Nature Can Save Us All
Nature, it turns out, may be one of our best hopes for building, and maintaining, civilization
Last week, I tried to think of ways to celebrate my birthday. In what already seems like another reality, I had plans to go to a favorite restaurant with my teenagers, but we scrapped that. Instead, they cooked up a surprisingly edible meal. (I’m sure I will be leaning on their newfound skills in the coming weeks.)
One plan I did stick with was my Monday morning walk with a few friends on the C&O Canal, a National Park Service unit near the Potomac River. We made it a bit more special by adding a picnic breakfast. “No gifts,” I said in my email to them. “No hugs. No food sharing.” We brought our own thermoses of coffee and our own snacks. Although it felt awkward, we succeeded in walking and sitting six feet apart, and we found plenty to commiserate over and laugh about, including the vultures who seemed to be waiting for us.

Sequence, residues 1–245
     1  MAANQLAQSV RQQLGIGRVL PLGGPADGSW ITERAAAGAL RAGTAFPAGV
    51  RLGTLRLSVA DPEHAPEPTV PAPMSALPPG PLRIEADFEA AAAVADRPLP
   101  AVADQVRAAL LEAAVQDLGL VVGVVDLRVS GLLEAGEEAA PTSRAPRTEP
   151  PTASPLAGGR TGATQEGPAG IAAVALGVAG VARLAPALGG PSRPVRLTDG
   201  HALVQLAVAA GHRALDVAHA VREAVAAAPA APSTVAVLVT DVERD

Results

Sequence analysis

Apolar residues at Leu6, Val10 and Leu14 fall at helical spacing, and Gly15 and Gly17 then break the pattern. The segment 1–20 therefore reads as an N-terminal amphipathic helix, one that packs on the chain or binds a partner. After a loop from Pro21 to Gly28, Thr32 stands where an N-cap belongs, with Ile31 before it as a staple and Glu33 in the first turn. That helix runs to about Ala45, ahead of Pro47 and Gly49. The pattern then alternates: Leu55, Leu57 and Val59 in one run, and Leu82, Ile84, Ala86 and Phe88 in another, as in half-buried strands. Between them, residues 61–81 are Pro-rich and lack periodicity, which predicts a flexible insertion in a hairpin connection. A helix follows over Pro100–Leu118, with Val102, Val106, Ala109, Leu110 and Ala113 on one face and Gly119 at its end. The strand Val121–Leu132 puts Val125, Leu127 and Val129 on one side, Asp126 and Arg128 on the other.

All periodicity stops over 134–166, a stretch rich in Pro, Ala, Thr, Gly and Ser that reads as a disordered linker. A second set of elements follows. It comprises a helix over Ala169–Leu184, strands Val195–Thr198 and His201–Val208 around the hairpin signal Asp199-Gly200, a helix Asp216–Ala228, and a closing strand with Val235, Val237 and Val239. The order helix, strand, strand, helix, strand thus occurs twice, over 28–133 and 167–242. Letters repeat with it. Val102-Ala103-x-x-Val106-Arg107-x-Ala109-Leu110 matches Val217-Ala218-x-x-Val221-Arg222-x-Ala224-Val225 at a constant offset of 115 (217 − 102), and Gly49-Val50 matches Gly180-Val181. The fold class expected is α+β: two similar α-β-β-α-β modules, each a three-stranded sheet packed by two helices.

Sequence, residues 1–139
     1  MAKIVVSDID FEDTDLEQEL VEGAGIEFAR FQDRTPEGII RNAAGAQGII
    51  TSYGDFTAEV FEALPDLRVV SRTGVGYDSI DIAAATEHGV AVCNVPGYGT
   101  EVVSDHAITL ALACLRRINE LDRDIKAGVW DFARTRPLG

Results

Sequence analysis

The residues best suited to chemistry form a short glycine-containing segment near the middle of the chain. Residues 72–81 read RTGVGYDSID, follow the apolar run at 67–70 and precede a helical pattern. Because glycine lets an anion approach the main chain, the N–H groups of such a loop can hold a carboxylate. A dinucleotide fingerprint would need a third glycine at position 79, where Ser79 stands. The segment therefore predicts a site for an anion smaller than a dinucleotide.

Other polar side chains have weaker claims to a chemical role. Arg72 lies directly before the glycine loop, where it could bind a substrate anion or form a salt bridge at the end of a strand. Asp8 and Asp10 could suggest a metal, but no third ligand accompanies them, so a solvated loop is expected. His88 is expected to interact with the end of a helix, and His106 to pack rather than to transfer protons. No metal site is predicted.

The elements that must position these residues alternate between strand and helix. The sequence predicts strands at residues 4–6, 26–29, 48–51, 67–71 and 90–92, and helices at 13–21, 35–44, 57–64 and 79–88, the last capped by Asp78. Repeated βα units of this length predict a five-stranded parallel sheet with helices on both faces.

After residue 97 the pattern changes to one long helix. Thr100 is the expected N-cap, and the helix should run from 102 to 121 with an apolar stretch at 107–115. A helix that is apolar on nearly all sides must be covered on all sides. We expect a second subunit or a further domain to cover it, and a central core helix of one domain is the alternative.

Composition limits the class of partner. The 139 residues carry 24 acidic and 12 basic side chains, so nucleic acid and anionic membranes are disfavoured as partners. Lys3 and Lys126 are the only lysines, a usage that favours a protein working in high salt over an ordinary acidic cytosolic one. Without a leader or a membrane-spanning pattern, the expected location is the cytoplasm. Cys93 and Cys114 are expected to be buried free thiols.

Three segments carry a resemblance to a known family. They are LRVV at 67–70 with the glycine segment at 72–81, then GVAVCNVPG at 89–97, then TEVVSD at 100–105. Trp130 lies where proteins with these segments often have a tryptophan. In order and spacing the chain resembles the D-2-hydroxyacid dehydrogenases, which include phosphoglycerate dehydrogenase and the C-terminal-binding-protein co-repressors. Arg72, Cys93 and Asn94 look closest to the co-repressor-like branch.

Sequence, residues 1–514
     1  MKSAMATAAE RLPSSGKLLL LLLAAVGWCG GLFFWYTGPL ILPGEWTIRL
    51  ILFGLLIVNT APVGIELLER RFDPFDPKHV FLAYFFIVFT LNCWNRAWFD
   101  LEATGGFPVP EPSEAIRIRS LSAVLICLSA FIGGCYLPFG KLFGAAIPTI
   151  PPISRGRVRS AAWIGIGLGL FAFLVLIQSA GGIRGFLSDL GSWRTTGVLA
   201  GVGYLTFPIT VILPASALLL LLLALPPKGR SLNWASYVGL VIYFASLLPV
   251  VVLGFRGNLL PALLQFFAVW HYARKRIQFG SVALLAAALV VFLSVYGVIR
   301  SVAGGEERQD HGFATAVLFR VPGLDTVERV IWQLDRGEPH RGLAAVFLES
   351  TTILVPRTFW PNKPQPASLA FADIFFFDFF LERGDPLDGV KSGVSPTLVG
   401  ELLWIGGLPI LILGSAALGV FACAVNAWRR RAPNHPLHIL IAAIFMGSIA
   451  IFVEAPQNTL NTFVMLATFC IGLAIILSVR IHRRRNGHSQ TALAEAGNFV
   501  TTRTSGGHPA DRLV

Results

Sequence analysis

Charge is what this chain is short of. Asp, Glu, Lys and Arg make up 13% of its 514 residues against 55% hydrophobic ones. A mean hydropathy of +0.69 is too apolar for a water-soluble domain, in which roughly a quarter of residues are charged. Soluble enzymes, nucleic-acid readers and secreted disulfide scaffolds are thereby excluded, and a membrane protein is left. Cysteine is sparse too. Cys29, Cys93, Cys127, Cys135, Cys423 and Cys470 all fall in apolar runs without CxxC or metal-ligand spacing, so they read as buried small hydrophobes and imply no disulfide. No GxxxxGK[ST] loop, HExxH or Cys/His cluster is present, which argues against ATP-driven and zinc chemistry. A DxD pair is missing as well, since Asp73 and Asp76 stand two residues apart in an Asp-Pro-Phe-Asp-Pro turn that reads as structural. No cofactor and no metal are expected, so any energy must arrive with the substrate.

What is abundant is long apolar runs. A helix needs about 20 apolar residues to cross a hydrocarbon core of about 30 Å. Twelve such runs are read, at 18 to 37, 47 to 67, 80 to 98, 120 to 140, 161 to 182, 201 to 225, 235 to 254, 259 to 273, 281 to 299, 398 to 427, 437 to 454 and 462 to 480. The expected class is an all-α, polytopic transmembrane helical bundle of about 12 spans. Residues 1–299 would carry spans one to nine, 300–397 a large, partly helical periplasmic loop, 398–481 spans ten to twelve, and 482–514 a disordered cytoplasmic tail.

Outside, in nature, seems to be one of the last safe places left where we can still casually be together. And keeping in mind to stand, walk, or run six feet apart from others, we are all learning to practice what some people are preferring to call physical distancing instead of social distancing. Many experts agree that being outside in nature is one of the best ways to alleviate anxiety and fortify our immune systems. Make no mistake: In addition to facing a dangerous virus, our nation is also now facing a mental health crisis occasioned by stress, anxiety, and social isolation.
To boost her patients’ physical and mental health, Dr. Suzanne Bartlett Hackenmiller has been prescribing time in nature for the past four years. Now, she says, it’s more important than ever. Hackenmiller, an OB-GYN and functional medicine practitioner at Van Diest Medical Center near Des Moines, Iowa, tells her patients that absorbing vitamin D from sunlight strengthens their immune systems, and she points to studies suggesting that people who visit green spaces with trees experience a boost in their immune cells, specifically killer T cells and the proteins and proteases that help them target bacteria and viruses.
Now is the time, she says, to “grab a tree and hold on.”